H = read(H_arr, i-1)
ΔH = cH * (E[2:end]-E[1:end-1])/h - σH*H
H += ΔH * Δt
ΔE = cE * (H[2:end]-H[1:end-1])/h - σE[2:end-1]*E[2:end-1] #+ R_[i] * Z
E = scatter_add(E, 2:N-1, ΔE * Δt)
E = scatter_update(E, N÷2, R_[i])
i+1, write(E_arr, i, E), write(H_arr, i, H)
end
E_arr = TensorArray(NT+1)
H_arr = TensorArray(NT+1)
E0 = zeros(N)
E0[N÷2] = R[1]
E_arr = write(E_arr, 1, E0)
H_arr = write(H_arr, 1, zeros(N-1))
i = constant(2, dtype = Int32)
_, E, H = while_loop(condition, body, [i, E_arr, H_arr])
E = stack(E)
H = stack(H)
sess = Session(); init(sess)
E_, H_ = run(sess, [E, H])
pl, = plot([], [], ".-")
xlim(-0.5,1.5)
ylim(minimum(E_), maximum(E_))
xlabel("x")
ylabel("y")
t = title("time = 0.0000")
function update(i)
t.set_text("time = $(round(i*Δt, digits=4))")
pl.set_data([xE E_[i,:]]'|>Array)
end
p = animate(update, 1:10:NT+1)
# saveanim(p, "fdtd.gif")
```

### Numerical Experiment

Let us consider inverting for a constant $c_H$. The following code is mainly a copy and paste from the above code. The optimization converges within a few iterations.

```
using ADCME
using PyPlot
using ADCMEKit
n = 200
pml = 30
C = 100.0
NT = 1000
Δt = 1.5/NT
x0 = LinRange(0, 1, n+1)
h = 1/n
xE = Array((0:n+2pml)*h .- pml*h)
xH = (xE[2:end]+xE[1:end-1])/2
N = n + 2pml + 1
σE = zeros(N)
for i = 1:pml
d = i*h
σE[pml + n + 1 + i] = C* (d/(pml*h))^3
σE[pml+1-i] = C* (d/(pml*h))^3
end
σH = zeros(N-1)
for i = 1:pml
d = (i-1/2)*h
σH[pml + n + i] = C* (d/(pml*h))^3
σH[pml+1-i] = C* (d/(pml*h))^3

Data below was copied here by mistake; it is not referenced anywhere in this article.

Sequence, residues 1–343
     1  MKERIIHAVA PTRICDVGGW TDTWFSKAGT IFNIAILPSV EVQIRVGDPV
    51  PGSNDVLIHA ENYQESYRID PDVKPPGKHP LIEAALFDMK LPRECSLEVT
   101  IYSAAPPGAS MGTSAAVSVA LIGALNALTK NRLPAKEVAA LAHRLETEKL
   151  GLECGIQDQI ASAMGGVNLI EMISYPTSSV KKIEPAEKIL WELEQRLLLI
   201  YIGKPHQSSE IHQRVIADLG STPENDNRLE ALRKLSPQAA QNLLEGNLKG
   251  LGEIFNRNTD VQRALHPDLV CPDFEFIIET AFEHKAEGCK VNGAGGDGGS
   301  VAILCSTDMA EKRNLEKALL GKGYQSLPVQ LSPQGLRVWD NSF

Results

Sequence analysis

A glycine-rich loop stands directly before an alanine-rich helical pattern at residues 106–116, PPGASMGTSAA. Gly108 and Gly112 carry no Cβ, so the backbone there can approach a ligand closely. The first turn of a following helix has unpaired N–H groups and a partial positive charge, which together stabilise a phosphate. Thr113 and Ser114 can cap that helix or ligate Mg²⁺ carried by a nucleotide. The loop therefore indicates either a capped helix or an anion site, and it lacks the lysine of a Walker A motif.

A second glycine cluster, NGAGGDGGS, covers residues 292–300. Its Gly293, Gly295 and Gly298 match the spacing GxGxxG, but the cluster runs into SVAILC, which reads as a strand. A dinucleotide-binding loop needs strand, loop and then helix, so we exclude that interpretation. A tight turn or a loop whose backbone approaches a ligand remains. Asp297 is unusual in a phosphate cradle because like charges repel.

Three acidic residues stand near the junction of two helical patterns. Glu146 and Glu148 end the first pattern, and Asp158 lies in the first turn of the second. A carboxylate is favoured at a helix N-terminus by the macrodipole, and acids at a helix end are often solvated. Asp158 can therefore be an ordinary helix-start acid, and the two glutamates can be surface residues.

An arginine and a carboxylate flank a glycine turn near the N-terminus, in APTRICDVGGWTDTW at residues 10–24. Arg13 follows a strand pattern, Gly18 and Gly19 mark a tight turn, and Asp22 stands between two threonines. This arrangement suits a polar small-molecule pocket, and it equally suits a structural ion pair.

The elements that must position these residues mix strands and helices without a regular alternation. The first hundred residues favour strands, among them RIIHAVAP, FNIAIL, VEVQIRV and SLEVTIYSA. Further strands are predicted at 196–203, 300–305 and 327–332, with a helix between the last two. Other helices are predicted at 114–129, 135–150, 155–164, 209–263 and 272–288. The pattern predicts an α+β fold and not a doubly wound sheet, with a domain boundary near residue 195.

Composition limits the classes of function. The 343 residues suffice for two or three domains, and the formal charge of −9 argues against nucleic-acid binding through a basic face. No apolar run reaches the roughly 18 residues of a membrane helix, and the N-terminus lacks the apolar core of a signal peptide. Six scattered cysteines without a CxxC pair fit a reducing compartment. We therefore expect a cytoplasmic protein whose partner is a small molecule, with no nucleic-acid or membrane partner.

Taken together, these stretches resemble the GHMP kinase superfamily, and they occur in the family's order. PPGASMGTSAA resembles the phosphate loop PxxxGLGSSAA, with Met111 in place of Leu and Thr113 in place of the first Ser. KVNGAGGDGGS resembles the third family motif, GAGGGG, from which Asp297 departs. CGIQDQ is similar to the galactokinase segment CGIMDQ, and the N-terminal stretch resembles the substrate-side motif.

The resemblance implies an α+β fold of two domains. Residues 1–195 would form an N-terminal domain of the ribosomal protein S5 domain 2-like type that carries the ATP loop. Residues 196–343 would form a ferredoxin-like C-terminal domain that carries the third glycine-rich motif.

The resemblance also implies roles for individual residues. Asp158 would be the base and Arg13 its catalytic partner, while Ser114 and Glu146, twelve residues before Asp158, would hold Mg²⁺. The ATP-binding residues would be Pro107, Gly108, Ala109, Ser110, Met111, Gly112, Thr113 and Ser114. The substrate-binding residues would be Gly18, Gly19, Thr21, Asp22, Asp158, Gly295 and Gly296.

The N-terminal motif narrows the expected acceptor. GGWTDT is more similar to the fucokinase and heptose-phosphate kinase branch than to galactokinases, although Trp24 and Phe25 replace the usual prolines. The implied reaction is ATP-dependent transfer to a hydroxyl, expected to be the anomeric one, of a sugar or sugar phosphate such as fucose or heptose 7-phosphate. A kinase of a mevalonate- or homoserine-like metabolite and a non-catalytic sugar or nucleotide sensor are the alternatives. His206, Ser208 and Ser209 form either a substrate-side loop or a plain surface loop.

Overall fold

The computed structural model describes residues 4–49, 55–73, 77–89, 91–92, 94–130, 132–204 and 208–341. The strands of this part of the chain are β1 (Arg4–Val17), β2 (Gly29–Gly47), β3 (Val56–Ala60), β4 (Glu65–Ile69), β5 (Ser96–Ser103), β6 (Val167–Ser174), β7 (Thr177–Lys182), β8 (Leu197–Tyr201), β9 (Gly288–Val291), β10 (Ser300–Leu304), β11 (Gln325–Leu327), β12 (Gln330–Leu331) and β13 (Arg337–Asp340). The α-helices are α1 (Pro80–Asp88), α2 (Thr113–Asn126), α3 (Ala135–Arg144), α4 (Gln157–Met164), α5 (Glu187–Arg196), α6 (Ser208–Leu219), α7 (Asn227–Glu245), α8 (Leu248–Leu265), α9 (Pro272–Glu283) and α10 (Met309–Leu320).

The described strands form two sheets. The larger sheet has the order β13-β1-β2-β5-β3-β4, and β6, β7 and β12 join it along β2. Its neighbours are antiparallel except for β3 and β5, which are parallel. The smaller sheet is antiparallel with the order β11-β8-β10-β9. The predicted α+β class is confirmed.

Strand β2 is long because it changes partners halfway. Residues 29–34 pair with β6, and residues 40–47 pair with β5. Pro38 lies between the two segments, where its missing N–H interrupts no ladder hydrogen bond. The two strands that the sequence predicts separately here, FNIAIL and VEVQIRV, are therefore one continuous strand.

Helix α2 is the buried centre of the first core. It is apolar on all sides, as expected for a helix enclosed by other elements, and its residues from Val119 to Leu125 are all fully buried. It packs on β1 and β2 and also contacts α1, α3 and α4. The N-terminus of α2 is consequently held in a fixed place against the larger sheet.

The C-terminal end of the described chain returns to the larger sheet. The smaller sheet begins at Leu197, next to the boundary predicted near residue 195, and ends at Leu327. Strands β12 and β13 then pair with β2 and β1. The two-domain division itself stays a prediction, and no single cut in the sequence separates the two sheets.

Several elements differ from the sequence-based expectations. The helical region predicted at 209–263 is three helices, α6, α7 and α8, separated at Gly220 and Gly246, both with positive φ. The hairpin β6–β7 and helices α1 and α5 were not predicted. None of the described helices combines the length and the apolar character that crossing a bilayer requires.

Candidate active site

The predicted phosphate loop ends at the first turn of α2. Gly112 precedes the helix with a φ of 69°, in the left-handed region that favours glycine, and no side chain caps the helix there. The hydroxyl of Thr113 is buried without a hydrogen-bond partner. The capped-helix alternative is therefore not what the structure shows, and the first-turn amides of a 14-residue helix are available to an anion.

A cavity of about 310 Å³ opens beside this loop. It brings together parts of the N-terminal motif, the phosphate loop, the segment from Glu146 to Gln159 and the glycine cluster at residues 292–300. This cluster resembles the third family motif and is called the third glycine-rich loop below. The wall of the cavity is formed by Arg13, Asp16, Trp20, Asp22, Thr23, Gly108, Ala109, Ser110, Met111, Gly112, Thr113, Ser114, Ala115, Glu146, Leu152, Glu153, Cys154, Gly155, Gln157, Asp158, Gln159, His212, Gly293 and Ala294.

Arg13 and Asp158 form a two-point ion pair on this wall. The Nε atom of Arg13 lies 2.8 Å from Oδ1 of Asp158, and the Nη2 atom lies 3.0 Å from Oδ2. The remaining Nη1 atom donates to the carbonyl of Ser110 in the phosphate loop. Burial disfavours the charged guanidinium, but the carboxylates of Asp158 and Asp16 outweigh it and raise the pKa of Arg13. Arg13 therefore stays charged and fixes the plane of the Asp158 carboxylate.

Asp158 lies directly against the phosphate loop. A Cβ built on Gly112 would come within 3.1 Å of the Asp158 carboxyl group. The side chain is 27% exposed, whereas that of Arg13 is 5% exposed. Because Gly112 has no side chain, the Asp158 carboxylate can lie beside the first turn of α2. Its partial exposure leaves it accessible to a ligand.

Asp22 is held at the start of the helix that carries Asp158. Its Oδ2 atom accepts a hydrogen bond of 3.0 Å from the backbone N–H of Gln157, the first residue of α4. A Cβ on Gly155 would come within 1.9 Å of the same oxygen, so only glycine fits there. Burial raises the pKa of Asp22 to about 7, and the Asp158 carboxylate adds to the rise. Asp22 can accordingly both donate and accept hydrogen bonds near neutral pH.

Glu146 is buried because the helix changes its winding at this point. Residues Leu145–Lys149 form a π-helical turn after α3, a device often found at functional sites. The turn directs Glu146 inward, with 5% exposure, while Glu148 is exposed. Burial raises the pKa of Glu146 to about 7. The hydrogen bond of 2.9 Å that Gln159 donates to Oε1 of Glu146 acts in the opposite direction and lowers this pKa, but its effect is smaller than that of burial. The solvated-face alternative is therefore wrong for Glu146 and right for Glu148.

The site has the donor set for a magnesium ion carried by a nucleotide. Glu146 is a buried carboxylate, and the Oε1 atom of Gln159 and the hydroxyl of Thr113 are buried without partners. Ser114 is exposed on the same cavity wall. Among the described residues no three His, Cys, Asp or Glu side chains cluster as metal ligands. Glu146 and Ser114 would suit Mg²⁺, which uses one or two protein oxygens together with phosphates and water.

end
function ricker(dt = 0.002, f0 = 3.0)
nw = 2/(f0*dt)
nc = floor(Int, nw/2)
t = dt*collect(-nc:1:nc)
b = (π*f0*t).^2
w = @. (1 - 2b)*exp(-b)
end
R = ricker()
if length(R)<NT+1
R = [R;zeros(NT+1-length(R))]
end
R_ = constant(R)
# cH = constant(ones(N-1))
# cH = Variable(ones(length(cH)))
b = softplus(Variable(1.0))
cH = ones(length(xH)) * b
cE = (cH[1:end-1]+cH[2:end])/2
Z = zeros(N)
Z[N÷2] = 1.0
Z = Z[2:end-1]
function condition(i, E_arr, H_arr)
i<=NT+1
end
function body(i, E_arr, H_arr)
E = read(E_arr, i-1)
H = read(H_arr, i-1)
ΔH = cH * (E[2:end]-E[1:end-1])/h - σH*H
H += ΔH * Δt
ΔE = cE * (H[2:end]-H[1:end-1])/h - σE[2:end-1]*E[2:end-1] #+ R_[i] * Z
E = scatter_add(E, 2:N-1, ΔE * Δt)
E = scatter_update(E, N÷2, R_[i])
i+1, write(E_arr, i, E), write(H_arr, i, H)
end
E_arr = TensorArray(NT+1)
H_arr = TensorArray(NT+1)
E0 = zeros(N)
E0[N÷2] = R[1]
# v0[N÷2] = 1.0
E_arr = write(E_arr, 1, E0)
H_arr = write(H_arr, 1, zeros(N-1))
i = constant(2, dtype = Int32)
_, E, H = while_loop(condition, body, [i, E_arr, H_arr])
E = stack(E); E = set_shape(E, (NT+1, N))
H = stack(H)
receivers = [pml+1:pml+10; N-pml-9:N-pml]
loss = sum((E[:,receivers] - E_[:,receivers])^2)
sess = Session(); init(sess)
BFGS!(sess, loss)
```